Teachers' implementation of a classroom response system for formative assessment in secondary science and mathematics
Lee, Hyun Ju
Feldman, Allan
Beatty, Ian D.

Conference paper accompanying a presentation at the 2009 Annual International Conference of the US National Association for Research in Science Teaching (NARST), Garden Grove CA, Apr 18.

This study of Technology Enhanced Formative Assessment (TEFA) reports on how secondary school science and math teachers learn to implement TEFA pedagogy using classroom response system technology, and identifies factors that impede implementation. We found that teachers struggled with both extrinsic factors, which are characteristics of the teacher's context that hinder them from implementing the technology and pedagogy, and intrinsic factors, which are characteristics of the teacher that impede implementation. The major extrinsic factors that we found are technology malfunctions, limitations, and availability of support; time and curriculum pressure; student attitudes and abilities; and characteristics of the TEFA professional development program. We found intrinsic factors of two separate types. The first type consists of gaps in teachers' knowledge and skills needed to operate the technology, develop TEFA questions, integrate TEFA into curriculum, orchestrate classroom discussion, and practice formative assessment. The second type consists of teachers' perspectives, beliefs, philosophy, attitudes, fears, doubts, uncertainties, background and experiences, which we collectively refer to as "ways of being a teacher."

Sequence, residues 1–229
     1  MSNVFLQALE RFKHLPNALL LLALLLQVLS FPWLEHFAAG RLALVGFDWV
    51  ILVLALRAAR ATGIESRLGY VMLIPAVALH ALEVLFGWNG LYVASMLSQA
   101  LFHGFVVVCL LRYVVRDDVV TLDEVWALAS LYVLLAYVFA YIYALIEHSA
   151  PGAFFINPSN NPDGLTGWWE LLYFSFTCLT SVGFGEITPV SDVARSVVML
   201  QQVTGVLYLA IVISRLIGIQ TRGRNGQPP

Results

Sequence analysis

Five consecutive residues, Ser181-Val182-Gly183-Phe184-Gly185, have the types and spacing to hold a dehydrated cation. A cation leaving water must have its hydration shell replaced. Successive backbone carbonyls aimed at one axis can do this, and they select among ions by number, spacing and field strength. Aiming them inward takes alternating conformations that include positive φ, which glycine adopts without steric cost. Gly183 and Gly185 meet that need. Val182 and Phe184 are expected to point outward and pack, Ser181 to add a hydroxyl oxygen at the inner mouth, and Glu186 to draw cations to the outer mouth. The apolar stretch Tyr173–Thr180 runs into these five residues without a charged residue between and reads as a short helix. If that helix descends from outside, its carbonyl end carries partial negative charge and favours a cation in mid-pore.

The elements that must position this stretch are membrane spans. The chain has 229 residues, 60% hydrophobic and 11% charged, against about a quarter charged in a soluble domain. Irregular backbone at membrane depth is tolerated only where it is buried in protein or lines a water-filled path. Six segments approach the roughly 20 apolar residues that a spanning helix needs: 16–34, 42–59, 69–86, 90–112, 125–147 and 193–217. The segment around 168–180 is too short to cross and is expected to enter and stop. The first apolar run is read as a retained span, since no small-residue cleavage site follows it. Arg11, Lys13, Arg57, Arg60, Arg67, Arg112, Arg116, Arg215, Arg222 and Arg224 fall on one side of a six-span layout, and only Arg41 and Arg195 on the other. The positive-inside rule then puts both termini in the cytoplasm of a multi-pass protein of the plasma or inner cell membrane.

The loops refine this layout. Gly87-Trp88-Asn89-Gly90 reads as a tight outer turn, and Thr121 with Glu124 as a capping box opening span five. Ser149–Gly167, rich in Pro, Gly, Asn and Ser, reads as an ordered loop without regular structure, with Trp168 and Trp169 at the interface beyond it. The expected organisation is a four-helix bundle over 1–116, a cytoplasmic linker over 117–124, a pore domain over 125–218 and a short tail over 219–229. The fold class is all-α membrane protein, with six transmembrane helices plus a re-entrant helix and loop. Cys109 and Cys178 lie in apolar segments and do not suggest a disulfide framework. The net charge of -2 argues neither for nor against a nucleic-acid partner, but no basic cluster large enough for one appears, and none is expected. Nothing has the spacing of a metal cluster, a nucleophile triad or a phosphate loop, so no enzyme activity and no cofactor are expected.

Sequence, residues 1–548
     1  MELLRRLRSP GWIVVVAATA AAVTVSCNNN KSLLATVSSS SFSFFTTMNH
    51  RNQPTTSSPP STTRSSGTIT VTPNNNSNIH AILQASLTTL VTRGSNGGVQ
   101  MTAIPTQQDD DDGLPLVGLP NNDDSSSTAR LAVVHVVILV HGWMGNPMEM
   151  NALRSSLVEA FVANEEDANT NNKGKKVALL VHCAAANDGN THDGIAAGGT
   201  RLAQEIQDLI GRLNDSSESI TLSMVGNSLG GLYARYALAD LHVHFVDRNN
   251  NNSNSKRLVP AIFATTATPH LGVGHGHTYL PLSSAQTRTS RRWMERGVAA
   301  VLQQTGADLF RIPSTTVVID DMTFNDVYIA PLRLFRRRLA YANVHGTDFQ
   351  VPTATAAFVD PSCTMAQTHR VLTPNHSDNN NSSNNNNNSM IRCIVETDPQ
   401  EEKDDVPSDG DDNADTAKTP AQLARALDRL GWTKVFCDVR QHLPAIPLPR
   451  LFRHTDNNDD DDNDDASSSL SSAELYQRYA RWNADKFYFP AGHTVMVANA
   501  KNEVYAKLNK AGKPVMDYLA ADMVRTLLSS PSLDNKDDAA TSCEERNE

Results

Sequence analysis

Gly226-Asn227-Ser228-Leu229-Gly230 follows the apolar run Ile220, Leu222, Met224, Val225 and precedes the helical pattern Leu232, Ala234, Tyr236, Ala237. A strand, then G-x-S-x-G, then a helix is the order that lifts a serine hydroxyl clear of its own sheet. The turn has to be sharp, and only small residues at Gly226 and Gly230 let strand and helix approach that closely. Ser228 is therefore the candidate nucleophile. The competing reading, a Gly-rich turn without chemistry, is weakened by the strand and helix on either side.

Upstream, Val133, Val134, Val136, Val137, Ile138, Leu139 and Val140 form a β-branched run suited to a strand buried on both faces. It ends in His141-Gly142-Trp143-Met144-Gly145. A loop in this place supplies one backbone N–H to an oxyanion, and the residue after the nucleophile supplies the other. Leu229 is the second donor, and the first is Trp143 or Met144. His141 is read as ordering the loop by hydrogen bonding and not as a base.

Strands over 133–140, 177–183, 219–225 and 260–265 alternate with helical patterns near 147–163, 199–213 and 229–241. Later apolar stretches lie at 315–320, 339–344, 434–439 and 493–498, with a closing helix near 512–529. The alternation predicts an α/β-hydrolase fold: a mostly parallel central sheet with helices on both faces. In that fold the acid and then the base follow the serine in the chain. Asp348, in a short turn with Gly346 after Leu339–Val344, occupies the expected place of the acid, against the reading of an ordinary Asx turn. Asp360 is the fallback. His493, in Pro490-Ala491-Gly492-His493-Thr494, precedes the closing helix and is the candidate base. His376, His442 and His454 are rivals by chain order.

Conference Paper (PDF)936.4 KB